Uganda's President Fends Off Opposition In Contested Election
RACHEL MARTIN, HOST:
We turn now to Uganda. There was a presidential election held in the country yesterday. President Yoweri Museveni is fending off a challenge from singer turned politician Bobi Wine. Wine is contesting the results of the election. And a large security presence was outside his home today. And we find NPR's Eyder Peralta there outside the house in the capital city, Kampala. Eyder, thanks for jumping on the line with us. Just describe what you're seeing right now.
EYDER PERALTA, BYLINE: Hey, Rachel. So I am outside of the house of the opposition leader here, Bobi Wine. And earlier right now, there was just a ton of commotion because everybody's really jittery, especially him. He, you know, noticed that a huge large contingent of military men had breached his fence. And, you know, he took us down to where they were. And as we were talking, they sort of came over and were just looking at him and pointing a weapon. So it's really tense times here in Kampala, here in Uganda. The electoral commission has announced that President Yoweri Museveni is leading by a landslide with 65% of the vote, and that is making the opposition leader very nervous.
MARTIN: What justification does Bobi Wine have for challenging these results?
PERALTA: He says that these results are rigged. I mean, I think one thing to understand is that Bobi Wine is incredibly popular here in Uganda. He was - is, you know, one of the most popular singers in the country. And he has just shaken up politics in this country. He came into Parliament and he, you know, took on the president head on. He, you know, fought against a constitutional amendment that would allow the president to keep running after 35 years in power. He fought a social media tax. He lost both of those fights. But what he did was he galvanized young people in this country, and young people make up the majority of the electorate. And so right now, the latest tally is that he's getting about a quarter of the vote. And that to him just seems completely unrealistic. And he says that some of his polling agents were kicked out of the polling stations. He alleges that the military has delivered preticked ballots, ballots that had already been filled in. And so he is saying that, you know, these elections are rigged and that Ugandans need to protect the usurpation of their voice is how he put it.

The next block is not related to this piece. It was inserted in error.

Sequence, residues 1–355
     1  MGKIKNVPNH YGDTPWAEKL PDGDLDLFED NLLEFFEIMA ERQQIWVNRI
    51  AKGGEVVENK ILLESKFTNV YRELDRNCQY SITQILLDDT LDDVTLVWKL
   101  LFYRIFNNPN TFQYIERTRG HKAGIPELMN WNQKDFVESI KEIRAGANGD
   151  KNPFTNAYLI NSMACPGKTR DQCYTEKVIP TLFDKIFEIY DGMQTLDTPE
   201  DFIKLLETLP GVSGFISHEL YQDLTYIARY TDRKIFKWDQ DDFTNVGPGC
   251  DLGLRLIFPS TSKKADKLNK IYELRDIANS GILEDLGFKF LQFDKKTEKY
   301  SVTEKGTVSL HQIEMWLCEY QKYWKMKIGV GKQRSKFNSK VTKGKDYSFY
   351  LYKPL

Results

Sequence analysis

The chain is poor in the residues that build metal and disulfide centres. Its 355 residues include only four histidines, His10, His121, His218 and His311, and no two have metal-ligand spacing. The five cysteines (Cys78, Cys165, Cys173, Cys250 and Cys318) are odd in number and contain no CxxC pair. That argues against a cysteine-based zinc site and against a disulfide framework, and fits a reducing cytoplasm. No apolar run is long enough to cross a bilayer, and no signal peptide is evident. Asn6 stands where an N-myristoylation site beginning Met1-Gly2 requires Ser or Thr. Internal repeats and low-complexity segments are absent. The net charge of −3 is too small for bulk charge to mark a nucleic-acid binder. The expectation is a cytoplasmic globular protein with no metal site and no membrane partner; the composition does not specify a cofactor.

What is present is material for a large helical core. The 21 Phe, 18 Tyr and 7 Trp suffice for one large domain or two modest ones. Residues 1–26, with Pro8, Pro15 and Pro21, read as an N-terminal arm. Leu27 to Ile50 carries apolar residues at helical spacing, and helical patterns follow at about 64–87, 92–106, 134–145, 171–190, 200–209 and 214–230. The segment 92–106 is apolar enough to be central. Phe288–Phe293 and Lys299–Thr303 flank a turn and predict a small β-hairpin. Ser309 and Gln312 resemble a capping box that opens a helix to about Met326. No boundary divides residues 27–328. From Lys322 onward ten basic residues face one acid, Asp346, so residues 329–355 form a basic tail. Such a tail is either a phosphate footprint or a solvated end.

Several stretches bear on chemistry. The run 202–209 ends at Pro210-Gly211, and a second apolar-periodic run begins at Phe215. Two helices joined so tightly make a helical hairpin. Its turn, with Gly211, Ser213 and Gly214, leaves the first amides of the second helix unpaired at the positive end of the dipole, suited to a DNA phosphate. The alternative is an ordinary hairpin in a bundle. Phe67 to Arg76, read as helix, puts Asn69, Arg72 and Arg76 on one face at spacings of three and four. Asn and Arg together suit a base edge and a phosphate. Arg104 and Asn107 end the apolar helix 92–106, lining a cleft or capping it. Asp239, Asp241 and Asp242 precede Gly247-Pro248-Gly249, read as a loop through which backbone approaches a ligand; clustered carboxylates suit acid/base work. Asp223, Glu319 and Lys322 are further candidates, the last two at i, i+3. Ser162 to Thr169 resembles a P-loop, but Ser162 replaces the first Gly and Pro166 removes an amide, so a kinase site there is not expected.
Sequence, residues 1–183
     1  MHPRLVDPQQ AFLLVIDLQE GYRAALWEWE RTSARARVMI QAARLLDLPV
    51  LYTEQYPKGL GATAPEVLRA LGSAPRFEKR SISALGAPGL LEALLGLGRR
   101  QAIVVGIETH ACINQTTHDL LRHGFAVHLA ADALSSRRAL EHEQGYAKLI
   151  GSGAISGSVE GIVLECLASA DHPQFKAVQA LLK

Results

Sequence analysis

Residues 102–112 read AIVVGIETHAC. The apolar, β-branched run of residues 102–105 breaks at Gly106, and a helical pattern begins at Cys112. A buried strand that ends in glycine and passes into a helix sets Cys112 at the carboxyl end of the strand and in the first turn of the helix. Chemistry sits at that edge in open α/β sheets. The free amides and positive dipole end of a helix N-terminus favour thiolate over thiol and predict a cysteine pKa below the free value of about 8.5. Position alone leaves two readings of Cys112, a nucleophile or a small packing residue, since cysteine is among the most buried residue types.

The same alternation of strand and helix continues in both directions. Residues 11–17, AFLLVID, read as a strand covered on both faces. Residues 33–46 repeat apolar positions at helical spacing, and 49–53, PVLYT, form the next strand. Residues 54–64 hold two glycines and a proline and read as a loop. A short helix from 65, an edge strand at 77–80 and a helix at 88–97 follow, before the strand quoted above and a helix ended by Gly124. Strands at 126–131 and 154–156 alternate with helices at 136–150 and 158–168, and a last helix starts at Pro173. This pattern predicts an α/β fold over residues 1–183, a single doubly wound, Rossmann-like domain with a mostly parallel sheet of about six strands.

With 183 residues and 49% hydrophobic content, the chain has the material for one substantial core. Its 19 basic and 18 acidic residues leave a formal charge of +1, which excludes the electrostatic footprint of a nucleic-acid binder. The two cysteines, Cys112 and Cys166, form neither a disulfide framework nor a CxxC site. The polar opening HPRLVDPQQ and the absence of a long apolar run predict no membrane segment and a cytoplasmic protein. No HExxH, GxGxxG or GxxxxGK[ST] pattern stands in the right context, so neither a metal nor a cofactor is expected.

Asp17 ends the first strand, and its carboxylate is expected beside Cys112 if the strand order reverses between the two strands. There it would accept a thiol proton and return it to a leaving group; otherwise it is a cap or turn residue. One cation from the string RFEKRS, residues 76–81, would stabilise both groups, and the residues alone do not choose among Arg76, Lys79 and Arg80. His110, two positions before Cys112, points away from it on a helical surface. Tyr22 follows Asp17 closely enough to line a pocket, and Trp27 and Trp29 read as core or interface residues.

MARTIN: Wow. So there's this collective holding of the breath there in the country as you describe. What happens next? What's the next step in this process?
PERALTA: We expect the electoral commission to announce final results tomorrow. And then that's the big question. You know, it's been a really somber affair this election because it's already been so violent. In November, when Bobi Wine was arrested, the government killed about 54 protesters who had come out to demand his release. And I think - right now there's no Internet here in this whole country. Everybody is sort of devoid of any information. And so what people are scared of is that there will be more violence, and we don't know that.
MARTIN: NPR's Eyder Peralta reporting from the capital of Uganda, Kampala, where the results of the presidential election held yesterday are still in question. Eyder, thank you.
PERALTA: Thank you, Rachel.
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